Friday, March 5, 2021

Thinking Out Loud: The Apotheosis of Rick

Like most underemployed, overeducated and somewhat lazy intellectuals, I'm something of a fan of Rick and Morty. A fan in that I enjoy watching the programme, have sat through it a couple of times and am looking forward to more whenever it comes out. As I tend to cast a broad net over what constitutes "Superhero Media", I have been asked as to when readers of this blog can expect to see Rick and Morty get the same treatment I've given Big Trouble In Little China and Scanners. The answer is; never. Not because I dislike the programme, or that I don't think it qualifies, only because there is nothing there to review. Like anyone with an internet connection, I recognise the not-even-a-little subtle nihilism in the text of Rick and Morty, but here's the rub, I've studied my fair share of philosophy, including Classical and Modern Nihilism, and Rick and Morty isn't really about that; it's about nothing. Rick and Morty isn't Nietzsche, it isn't Epicurus, it's a disaffected teenager scrawling "life is pain" on their textbook.  


And that's not an insult to the programme, that is the main point. Feature, not bug. Rick and Morty is perfectly crafted to draw in an audience of (mostly male) people of moderate intelligence who overestimate their cognitive prowess and assume their superiority to those around them. Now that sounds insulting, but I swear I only know and recognise this because I used to be that twenty-something fuckboy so assured of my own godlike status and profound intelligence that I wonder how anyone tolerated my presence, let alone became romantically interested in me. If you're chuckling over a joke in Rick and Morty that you think only people as clever as you get, please stop for a moment and think about it. Is there actually a deeper meaning behind that joke? Because I'm guessing there's not. The internet is full of fan-theories about minor elements of the programme that apparently have deep significance, but I'm yet to see one pan out, even after the long season 2-3 hiatus. The joke is there is no deeper meaning, it just looks like there might be. Yes, those of you thinking you have it "all figured out", unlike everyone else, you're the butt of the joke, sorry.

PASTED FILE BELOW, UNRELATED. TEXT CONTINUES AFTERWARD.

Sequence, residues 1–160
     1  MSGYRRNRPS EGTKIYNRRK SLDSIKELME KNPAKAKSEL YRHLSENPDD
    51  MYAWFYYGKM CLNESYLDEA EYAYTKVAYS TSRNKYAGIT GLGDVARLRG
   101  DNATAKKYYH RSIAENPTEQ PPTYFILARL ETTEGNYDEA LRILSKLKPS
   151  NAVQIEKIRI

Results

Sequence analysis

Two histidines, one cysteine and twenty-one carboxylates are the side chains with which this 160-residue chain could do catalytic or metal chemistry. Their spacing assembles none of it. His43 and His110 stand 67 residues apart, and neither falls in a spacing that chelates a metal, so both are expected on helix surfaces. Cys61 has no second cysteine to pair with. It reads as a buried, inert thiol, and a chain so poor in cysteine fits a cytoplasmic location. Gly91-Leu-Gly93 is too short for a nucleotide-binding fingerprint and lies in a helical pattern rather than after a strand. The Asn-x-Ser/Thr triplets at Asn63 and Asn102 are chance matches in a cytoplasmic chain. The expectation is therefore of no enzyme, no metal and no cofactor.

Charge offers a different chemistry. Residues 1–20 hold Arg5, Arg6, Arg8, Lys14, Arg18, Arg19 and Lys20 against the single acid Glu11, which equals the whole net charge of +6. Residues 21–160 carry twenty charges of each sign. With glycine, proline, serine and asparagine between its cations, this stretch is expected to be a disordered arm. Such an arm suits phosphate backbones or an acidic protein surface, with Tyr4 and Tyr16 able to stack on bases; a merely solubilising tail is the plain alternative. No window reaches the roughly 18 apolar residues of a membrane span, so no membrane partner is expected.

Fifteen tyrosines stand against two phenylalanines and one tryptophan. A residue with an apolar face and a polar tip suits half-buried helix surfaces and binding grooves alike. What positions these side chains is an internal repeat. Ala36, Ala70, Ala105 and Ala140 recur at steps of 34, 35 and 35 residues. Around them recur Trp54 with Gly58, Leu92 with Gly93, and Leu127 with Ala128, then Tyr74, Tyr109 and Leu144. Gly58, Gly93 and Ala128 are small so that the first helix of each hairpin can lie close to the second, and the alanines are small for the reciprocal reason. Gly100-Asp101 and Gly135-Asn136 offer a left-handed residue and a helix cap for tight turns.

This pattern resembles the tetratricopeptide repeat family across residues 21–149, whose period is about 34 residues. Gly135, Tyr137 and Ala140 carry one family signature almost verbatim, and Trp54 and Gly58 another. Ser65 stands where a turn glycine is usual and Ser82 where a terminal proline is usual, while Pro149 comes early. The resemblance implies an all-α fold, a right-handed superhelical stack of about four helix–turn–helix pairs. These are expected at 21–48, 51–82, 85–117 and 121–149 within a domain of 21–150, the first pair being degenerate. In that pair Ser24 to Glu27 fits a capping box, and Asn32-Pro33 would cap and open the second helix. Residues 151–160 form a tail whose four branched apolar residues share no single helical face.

You see, I've seen this before; ever heard of The Venture Bros? It's probably the best Adult Swim Original, mostly a parody of programmes like Johnny Quest, at least for the first few seasons. Sometime around season four, it morphs into a seriously compelling action/comedy/drama. There were fans online looking for deeper meaning in The Venture Bros for years who were never rewarded, and it's pretty obvious that the same thing is going on with Rick and Morty. So now you're a Ricky and Morty fan who just realised they've been laughing at the wrong thing for years, what's next? Keep watching the programme. There is nothing stopping anyone from enjoying media on different levels, so get what you like about it, that's cool. Many people enjoy The Matrix because of the slick action and daring effects, just because I enjoy it as a subversive transgender allegory doesn't make my enjoyment (or me personally) any better or worse than you. Yes, this is the point I've been building to; stop thinking that watching Rick and Morty makes you better or smarter than other people, because, as I've just explained, you've probably been getting it wrong the whole time. Rick isn't a person to be admired or emulated, he's a joke on how intellectual "elitists" see themselves when they are disaffected with their lack of actual intelligence. Grow up and enjoy the funny cartoons because they're funny. 

Also, maybe read some philosophy? Marcus Aurelius is a good place to start.

Tuesday, March 2, 2021

Superhero Media: Hulk Vs. Thor (2009)

The other short film that came on the same DVD as Hulk Vs Wolverine, Hulk Vs Thor may actually be the better film of the two, even if it is a tad less exciting. Desperate to conquer Asgard during the Odinsleep, Loki summons Bruce Banner from Midguard and, with the help of the Enchantress, separates him from the Hulk, taking control of Jade Jaws to kill Thor. The Loki-controlled Hulk rampage through Asgard involves skirmishes with Balder, Sif, The Warriors Three and two epic showdowns with Thor himself. All of the big Norse hits are there, with Frost Giants and Trolls a-plenty, a visit to Hel's realm and Loki and Thor being forced to fight together to stop a mindless Hulk.